Human Rights Defender of the Month: Onyango Owor

In March 2020, Uganda’s Constitutional Court nullified the Public Order Management Act, 2013 (POMA), a law that made arbitrary restrictions on freedom of assembly possible. One of the people behind the successful petition of POMA is Onyango Owor, a Ugandan lawyer with 15 years of experience in representing human rights defenders (HRDs).

For Onyangohaving POMA declared unconstitutional is more than a professional success. “The ripple effects of such a case go beyond the court room or the human rights defenders that had been affected by a draconian application of this law,” Onyango says, and is confident that “there is greater freedom of association as a result of this case.”

The ripple effects of such a case go beyond the court room or the human rights defenders that had been affected by a draconian application of this law. There is greater freedom of association as a result of this case.

Under POMA, public assemblies required police approval. The police could deny assemblies on the suspicion that they would cause disorder, harm businesses, or otherwise break the law. A power that “was selectively used against human rights defenders and members of the opposition,” according to OnyangoTo the best of my knowledge, there have been over 15 prosecutions of opposition leaders under this law, but the number could be a lot higher.”

In 2013, a group of civil society organisations and individuals, legally represented by Onyango, decided to petition against the Act and its undue restrictions to freedom of peaceful assembly. Since the start, Onyango continuously updated and consulted with numerous HRDs and civil society organisations to ensure that a variety of interests and concerns were represented before the Court. Considering the length of the judicial process – seven years – it was difficult to keep stakeholders engaged and to remain relevant to public interest, but his perseverance ultimately paid off.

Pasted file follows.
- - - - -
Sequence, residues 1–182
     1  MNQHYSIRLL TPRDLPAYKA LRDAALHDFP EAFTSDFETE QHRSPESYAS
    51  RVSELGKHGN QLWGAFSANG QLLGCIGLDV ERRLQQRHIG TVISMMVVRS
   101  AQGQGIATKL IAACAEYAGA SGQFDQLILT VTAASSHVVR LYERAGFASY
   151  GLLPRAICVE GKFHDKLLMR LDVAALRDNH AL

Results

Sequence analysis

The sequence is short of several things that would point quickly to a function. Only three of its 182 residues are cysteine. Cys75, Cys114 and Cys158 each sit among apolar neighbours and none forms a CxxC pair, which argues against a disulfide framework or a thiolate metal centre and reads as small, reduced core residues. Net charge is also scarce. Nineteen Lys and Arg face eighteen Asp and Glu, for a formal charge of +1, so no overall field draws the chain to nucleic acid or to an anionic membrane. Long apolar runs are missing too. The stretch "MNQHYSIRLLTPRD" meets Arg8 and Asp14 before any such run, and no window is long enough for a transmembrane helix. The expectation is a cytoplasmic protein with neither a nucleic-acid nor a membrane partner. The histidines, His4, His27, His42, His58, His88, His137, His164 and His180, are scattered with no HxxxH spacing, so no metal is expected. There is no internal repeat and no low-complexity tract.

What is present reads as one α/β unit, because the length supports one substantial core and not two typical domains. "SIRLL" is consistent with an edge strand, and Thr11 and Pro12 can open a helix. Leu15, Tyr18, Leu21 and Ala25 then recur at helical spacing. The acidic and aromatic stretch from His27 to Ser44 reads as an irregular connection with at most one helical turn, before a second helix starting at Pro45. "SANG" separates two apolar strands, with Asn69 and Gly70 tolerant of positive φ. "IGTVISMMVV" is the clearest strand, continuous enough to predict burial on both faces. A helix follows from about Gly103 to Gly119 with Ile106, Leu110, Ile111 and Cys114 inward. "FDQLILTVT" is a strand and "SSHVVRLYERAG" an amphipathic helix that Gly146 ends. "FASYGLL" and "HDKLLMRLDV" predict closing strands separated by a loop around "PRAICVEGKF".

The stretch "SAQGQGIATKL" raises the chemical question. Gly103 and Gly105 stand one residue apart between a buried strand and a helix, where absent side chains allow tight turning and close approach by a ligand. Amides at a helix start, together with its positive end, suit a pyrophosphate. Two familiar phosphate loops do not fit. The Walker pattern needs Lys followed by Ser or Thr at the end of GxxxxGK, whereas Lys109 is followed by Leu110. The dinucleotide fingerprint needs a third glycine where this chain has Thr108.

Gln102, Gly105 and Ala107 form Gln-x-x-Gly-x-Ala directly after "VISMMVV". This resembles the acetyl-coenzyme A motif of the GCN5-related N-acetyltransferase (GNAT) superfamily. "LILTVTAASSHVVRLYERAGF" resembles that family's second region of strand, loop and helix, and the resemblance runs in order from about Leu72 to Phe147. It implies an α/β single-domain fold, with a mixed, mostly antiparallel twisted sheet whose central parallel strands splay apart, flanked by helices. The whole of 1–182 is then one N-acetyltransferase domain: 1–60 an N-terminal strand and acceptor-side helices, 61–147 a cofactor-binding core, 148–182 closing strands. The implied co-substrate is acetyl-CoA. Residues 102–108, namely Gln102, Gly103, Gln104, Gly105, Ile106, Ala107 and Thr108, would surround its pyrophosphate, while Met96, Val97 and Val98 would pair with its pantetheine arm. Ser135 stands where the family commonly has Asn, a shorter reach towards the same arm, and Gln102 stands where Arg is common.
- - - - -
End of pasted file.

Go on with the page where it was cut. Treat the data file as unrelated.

On 26 March 2020, the Constitutional Court ruled in favour of Onyango and the petitioners and declared POMA unconstitutional and nullified. Pending cases that were filed under this law were withdrawn. The ruling is a great achievement for human rights defenders and opposition leaders that faced legal charges under POMA, and it is a solid fundament for freedom of peaceful assembly in Uganda. Onyango thinks it can also be used to expand this right, and he hopes that “organisations can use it as a tool to educate people about what freedom of association means. It is an advocacy tool as well.”

Indeed, Onyango’s work goes beyond legal representation, he also advocates for human rights and HRDs, making Onyango himself vulnerable to the same risks and reprisals. But Onyango is more worried about reprisals against his clients. One of the biggest challenges in his work is gathering evidence, Onyango explains: “some human rights defenders and stakeholders hear that they may be victimized if they come up to provide evidence. So as a result, many lawyers, including myself, know that a violation has taken place, but gathering the proper evidence to prove it is a great challenge.”

All our dignity is affected, we all suffer when anyone’s right is abused. I would like to make a contribution to ensure that there are policy and judicial systems to ensure protection of everyone’s rights.

Yet, these challenges do not discourage Onyango. His motivation to defend human rights is intrinsic, and highlights that any human rights violation is an attack on us all. According to Onyango, “all our dignity is affected, we all suffer when anyone’s right is abused. I would like to make a contribution to ensure that there are policy and judicial systems to ensure protection of everyone’s rights.”